In the tradition of his Flemish predecessors, Memling's painting contains a wealth of religious meaning; it is filled with symbols which explain the importance of Christ's mission on earth. Jesus reaches out for an apple, emblem of Original Sin; his attitude of acceptance foreshadows his future sacrifice on the cross. The angel who offers the fruit of redemption is in fact dressed in a dalmatic, the liturgical vestment worn by a deacon during the solemn High Mass. Around the arch is a carved vine of grapes referring to the wine of the eucharistic rite. On the crystal and porphyry columns stand David, as an ancestor of Christ, and Isaiah, one of the prophets who foretold the Virgin Birth.
Memling adhered closely to the northern tradition in art; the format and details of the enthroned Madonna theme recall Jan van Eyck. It is believed that Memling worked in the studio of Rogier van der Weyden at Brussels before settling in Bruges; here, he adopted Rogier's angular figural types clothed in heavy, crisp drapery, but transformed the older artist's dramatic intensity into a calm and graceful elegance. The framing archway was a device used by a number of Flemish painters including Rogier. While combining various influences, Hans Memling's own tender and pious sentiment made him the most popular artist of his day in Bruges.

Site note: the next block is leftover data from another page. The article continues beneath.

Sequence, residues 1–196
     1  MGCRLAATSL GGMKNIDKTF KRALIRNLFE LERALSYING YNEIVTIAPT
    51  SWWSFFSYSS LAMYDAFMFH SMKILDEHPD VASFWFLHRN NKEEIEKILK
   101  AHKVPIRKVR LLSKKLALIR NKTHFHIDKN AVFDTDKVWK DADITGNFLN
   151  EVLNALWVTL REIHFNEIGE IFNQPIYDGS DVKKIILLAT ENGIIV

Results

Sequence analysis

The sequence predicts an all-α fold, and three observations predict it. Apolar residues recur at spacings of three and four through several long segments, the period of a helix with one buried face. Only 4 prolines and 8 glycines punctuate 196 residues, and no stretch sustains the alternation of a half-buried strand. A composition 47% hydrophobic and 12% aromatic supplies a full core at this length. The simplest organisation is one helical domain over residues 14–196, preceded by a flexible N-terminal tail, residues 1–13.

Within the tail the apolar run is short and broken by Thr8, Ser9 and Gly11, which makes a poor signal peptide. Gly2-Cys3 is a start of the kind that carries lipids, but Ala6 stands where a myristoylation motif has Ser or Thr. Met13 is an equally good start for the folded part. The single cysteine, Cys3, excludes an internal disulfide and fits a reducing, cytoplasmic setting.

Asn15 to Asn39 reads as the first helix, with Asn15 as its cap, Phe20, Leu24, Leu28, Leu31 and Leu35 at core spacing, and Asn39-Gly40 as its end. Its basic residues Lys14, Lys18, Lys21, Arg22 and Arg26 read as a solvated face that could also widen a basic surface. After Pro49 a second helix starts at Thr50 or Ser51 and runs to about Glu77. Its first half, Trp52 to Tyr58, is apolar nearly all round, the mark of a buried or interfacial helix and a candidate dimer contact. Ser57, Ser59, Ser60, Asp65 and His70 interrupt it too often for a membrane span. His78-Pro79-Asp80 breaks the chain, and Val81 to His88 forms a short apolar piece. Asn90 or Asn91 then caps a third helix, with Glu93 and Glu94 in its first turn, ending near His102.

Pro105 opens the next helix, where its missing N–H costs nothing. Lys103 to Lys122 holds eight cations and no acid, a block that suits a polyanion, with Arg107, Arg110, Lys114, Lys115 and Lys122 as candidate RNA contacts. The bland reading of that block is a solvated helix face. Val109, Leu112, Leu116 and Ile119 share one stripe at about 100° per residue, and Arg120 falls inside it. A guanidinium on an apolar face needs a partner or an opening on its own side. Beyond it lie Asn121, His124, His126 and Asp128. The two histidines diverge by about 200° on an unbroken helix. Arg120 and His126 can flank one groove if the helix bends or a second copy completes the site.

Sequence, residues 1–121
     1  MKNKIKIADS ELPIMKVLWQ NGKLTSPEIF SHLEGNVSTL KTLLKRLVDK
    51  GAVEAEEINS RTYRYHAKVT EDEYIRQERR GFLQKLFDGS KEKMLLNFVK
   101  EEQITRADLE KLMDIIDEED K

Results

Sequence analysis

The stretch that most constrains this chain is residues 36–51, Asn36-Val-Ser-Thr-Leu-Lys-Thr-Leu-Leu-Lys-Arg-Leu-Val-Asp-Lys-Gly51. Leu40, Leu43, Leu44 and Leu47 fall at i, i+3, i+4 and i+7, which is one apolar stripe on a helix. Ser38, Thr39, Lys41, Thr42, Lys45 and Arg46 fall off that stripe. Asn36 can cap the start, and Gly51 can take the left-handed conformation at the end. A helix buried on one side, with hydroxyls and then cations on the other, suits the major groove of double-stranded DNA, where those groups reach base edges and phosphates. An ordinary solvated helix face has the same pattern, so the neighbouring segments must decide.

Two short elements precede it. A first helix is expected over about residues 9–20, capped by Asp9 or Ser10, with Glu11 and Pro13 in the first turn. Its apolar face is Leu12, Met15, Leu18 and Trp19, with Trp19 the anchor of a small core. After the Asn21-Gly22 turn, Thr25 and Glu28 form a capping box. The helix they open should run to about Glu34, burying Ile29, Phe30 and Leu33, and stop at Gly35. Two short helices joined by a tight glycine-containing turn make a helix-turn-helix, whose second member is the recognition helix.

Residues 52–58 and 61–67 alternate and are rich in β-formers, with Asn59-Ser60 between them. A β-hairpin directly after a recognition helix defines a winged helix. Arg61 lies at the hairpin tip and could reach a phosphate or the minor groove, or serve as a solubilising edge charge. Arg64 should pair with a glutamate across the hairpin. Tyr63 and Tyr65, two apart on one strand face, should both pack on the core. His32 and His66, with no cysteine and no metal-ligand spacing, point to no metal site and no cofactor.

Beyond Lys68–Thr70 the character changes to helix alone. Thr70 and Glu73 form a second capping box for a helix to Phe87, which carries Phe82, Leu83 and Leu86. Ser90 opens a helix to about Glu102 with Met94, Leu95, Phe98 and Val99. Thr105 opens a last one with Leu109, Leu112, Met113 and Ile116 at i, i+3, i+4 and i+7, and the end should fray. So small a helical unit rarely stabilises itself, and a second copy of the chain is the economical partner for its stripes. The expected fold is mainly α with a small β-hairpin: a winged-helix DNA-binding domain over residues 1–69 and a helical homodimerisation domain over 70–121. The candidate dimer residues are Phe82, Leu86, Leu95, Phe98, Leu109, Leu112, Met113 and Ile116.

More information on this painting can be found in the Gallery publication Early Netherlandish Painting, which is available as a free PDF https://www.nga.gov/content/dam/ngaweb/research/publications/pdfs/early-netherlandish-painting.pdf